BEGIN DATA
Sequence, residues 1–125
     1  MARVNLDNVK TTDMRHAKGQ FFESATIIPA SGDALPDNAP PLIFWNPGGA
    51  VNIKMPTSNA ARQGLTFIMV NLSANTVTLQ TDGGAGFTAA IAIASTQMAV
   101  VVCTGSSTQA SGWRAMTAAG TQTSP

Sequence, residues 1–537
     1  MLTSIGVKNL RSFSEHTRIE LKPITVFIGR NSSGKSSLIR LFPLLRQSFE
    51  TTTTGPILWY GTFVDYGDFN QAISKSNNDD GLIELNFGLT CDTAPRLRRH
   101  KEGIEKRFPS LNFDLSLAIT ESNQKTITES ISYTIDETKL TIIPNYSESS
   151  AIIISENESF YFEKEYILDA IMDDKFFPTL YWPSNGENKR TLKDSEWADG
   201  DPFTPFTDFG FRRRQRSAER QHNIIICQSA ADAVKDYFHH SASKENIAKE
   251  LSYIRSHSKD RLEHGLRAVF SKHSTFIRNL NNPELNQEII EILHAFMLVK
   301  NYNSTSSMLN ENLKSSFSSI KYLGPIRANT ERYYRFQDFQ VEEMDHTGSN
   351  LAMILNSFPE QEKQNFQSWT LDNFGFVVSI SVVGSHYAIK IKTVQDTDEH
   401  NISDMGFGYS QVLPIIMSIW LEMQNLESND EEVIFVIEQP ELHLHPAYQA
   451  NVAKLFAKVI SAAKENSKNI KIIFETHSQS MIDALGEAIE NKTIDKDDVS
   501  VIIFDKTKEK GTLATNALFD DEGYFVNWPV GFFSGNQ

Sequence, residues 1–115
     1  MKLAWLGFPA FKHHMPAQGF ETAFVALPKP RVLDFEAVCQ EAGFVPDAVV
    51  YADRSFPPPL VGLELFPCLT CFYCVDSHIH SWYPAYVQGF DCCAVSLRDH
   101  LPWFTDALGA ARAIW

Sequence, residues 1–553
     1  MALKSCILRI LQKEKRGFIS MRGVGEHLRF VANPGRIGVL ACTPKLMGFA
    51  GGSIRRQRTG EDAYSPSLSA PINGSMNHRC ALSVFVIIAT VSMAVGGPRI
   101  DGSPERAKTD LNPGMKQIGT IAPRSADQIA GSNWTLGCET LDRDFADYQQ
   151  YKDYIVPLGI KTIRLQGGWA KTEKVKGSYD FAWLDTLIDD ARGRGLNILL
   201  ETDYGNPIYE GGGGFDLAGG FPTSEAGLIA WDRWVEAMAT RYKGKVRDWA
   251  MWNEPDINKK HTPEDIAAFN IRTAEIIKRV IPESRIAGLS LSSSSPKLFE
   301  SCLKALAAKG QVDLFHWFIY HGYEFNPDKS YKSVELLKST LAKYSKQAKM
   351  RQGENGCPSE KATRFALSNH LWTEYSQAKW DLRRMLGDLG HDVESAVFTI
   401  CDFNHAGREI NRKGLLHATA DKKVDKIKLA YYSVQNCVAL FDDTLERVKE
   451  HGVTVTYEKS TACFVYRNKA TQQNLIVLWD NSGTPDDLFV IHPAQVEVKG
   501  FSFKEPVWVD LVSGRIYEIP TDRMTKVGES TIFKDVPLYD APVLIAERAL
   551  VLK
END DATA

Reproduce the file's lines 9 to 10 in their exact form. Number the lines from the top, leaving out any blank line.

   151  AIIISENESF YFEKEYILDA IMDDKFFPTL YWPSNGENKR TLKDSEWADG
   201  DPFTPFTDFG FRRRQRSAER QHNIIICQSA ADAVKDYFHH SASKENIAKE